Hundreds of years apart, the Doctor and Clara must work to solve the mystery of the ghosts and the spaceship.

Cast and Crew

Peter Capaldi as the Doctor
Jenna Coleman as Clara
Colin McFarlane as Moran
Sophie Stone as Cass
Zaqi Ismail as Lunn
Morven Christie as O’Donnell
Arsher Ali as Bennett
Steven Robertson as Pritchard
Paul Kaye as Prentis
Neil Fingleton as the Fisher King
Peter Serafinowicz as the Voice of the Fisher King
Corey Taylor as the Roar of the Fisher King

Written by Toby Whithouse
Produced by Derek Ritchie
Directed by Daniel O’Hara


After last week’s episode, the Doctor and Clara are in the same place but at different times, one trying to solve the mystery of the ship and its occupant and one trying to survive.

High Points

One of last week’s low points does actually matter after all.

Time loops! Paradoxes! Proper ones, too!

O’Donnell, generally.


Low Points

The most invaded planet in the universe? Really? Slightly atmosphere-destroying.

Sadly, while writing the cast list I had to face the fact that the Fisher King wasn’t actually as bizarre as a character requiring different actors for body, voice and roar might have implied.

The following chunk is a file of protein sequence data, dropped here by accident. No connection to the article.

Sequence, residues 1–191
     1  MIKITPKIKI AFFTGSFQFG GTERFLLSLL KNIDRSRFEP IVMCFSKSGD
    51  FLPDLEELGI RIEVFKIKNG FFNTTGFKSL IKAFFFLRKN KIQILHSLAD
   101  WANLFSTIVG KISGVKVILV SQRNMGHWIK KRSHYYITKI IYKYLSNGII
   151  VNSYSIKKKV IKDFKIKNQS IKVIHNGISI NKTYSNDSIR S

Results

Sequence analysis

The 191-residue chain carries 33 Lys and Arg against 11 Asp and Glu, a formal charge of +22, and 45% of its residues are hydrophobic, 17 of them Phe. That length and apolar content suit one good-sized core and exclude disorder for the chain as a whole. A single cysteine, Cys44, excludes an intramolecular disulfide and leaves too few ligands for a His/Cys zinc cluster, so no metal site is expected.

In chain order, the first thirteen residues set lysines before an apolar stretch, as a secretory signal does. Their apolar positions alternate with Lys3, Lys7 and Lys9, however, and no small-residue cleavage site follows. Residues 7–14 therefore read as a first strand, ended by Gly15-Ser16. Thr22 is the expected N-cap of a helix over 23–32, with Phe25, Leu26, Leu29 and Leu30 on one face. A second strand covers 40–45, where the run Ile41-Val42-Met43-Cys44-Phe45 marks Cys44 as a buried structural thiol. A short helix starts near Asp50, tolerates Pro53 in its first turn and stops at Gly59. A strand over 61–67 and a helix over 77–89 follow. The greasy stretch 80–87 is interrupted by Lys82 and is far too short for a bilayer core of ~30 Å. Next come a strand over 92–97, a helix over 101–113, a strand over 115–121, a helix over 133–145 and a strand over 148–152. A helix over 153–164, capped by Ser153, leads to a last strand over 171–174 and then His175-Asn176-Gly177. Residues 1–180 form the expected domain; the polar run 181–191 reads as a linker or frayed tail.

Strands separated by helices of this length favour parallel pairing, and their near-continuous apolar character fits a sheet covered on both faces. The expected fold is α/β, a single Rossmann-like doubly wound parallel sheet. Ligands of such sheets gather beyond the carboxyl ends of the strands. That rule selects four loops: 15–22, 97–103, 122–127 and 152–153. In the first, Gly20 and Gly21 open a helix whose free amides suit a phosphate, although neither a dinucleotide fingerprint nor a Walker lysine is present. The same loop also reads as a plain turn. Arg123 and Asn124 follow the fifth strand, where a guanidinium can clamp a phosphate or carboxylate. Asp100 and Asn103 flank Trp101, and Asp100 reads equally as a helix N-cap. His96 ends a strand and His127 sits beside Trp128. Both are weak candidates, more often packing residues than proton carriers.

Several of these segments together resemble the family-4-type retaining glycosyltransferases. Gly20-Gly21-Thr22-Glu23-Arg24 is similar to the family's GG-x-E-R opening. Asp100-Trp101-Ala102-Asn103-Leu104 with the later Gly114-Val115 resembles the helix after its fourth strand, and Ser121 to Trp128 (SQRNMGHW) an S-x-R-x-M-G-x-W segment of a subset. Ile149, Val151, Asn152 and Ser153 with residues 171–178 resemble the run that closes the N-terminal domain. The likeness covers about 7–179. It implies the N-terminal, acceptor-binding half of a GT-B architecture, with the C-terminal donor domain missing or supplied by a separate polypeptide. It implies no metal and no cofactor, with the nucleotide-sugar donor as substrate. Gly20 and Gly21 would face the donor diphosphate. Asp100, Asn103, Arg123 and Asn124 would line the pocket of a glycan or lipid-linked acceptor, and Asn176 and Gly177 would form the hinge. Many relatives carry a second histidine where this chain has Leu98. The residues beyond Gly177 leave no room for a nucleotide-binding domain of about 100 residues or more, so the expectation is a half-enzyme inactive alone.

The Doctor’s opening introduction was a little teensy bit overdone and somewhat unnecessary I thought.


The Scores

Originality so this is a mixture of fairly standard sci-fi musings on time travel and Doctor Who’s particular take on the subject, which tends to wobble around from story to story a bit like a robot in a drunken game of Robo Rally. It doesn’t really feel tired, but I can’t say there was a very fresh spin on it either. 4/6

The effects are much like last week’s for the most part, but there’s one particular big effect which was no doubt very hard to do and is generally impressive, but basically simulating fluid flows is hard and they just don’t have the budget for it. 4/6

I enjoyed the story. It fits together neatly with last week’s episode, picking up and dealing with a couple of loose ends and giving everything a fairly satisfying explanation, even if it does involve standardised time paradox logic. Enjoyable, certainly, but it does wrap up a bit too quickly. 4/6

The acting given that it featured almost entirely the same cast playing the same characters is really much like the previous episode. This is pleasing because the first part was very well acted indeed. 5/6

Emotional response is comparatively lacking this time. It’s not as scary. Quite scary, but as is often the way of these things the fear goes as you understand more about what’s going on. 4/6

Production see previous episode’s review for comments on the underwater base set design. The village looked to me more like a collection of random buildings than an abandoned village. 4/6

Overall I did really enjoy this. It’s not great storytelling or amazing production or jaw-dropping effects, it’s just a group of good actors working with a decent script and delivering something that is very pleasant to watch. 5/6

In total, Before The Flood receives 30/42